Heard about UT’s new Big Ticket? The Big Ticket replaced the old Longhorn All-Sports Package ticketing system for this upcoming academic year. For those students who have not purchased yet, the priority deadline ended July 8, but tickets can still be purchased. According to UT Athletics, reserved seating for home football games will be allocated in the best available locations within the student section at the time of purchase after the deadline. So, it is better to purchase now than later. This new ticketing system is just as good as the former system, but in the end, students want more options than the lone Big Ticket.
The Big Ticket offers “a reserved seat to every Texas Football home game -- and a simple, general admission access pass to every other UT athletic home event” according to TexasSports.com. I spoke with UT’s Senior Associate Athletic Director and Chief Revenue Officer Steve Hank on July 17th to ask why students are only given one option to purchase tickets. Hank informed me that to administer a program that could handle multiple options would require higher overhead costs for the department. This would potentially result in higher ticket prices for students. By offering one ticket option, the department is able to keep costs down to offer the greatest value possible to the most students. Hank also mentioned that to-date this year, more students have purchased the Big Ticket compared to the number of students that had purchased the LASP at the same time last year. While speaking to Hank, I was also able to confirm that students will still have the option to purchase individual football game tickets from other students by transferring tickets through the TexasSports.com website just as in previous years with the LASP ticketing system.
Honestly, the Big Ticket adds a new extremely convenient feature that allows students to use our student ID card to gain entrance to athletic events — except football in which case print-at-home tickets are required. When purchasing the Big Ticket, there is also an option to purchase one guest season ticket solely for home football games for an additional $425.00 after fees. If purchasing just as a single student the total cost is $195.00. This all-inclusive home game option is less than half the cost of a comparable regular season non-student ticket for football only. For some of us this is definitely a lot of money, but by attending each of the home football games and even just four other athletic events throughout the year, the average price per event ends up becoming less than $20.00 per event. It may also be interesting to note that according to Hank, if students attend every athletic event possible with the Big Ticket, the cost averages out to less than $2.00 per event. Although, I would argue it is highly unreasonable nor realistic to attend more than 100 athletic events in a single year.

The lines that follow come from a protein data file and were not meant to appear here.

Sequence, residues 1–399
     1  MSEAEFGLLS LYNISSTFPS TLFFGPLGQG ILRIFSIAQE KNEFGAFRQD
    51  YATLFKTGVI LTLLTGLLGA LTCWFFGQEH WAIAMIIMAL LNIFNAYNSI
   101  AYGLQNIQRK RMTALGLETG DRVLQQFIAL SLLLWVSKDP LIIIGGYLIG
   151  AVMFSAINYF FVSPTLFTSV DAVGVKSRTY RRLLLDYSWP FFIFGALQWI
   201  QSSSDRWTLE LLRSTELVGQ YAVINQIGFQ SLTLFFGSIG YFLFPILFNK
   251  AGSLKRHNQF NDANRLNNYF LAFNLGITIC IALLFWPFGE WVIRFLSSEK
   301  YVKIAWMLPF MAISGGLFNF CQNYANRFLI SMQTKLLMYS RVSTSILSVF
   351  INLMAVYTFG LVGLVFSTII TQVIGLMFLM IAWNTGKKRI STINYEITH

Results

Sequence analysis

Many students are not in favor of the Big Ticket because they would like more options. Business sophomore Aatiq Ghulam said, “It’s beneficial to have more options than just the Big Ticket because not every student can go to every game. Having options such as buying discounted, single game tickets, allows students to have more control over which games they chose to go to and overall give them a better experience.” Because of the lone option of the Big Ticket, Ghulam had not yet purchased the Big Ticket, and did not appear to have plans to do so. Ghulam intends to buy individual football game tickets from Big Ticket holders that will sell their tickets when they cannot attend a game.
I also spoke with international relations and global studies senior William Salazar, who “...feel[s] like the athletic program makes so much money they should be more flexible with the options they give to students to go to sports events.” Salazar mentioned he had just purchased the Big Ticket recently but was not over-excited about paying for events he had no intention of attending.
But this still raises the issue of why students cannot have more options. The UT Athletic Department should offer student-priced tickets for individual athletic events, or even a mini-season football ticket offer that allows a student to attend three of the six home games. These options are already available for non-student priced tickets. We want options as students, not a monopoly that forces us to buy their one offering.
Daywalt is a government senior from Copperas Cove. Follow Daywalt on Twitter @JohnDaywalt.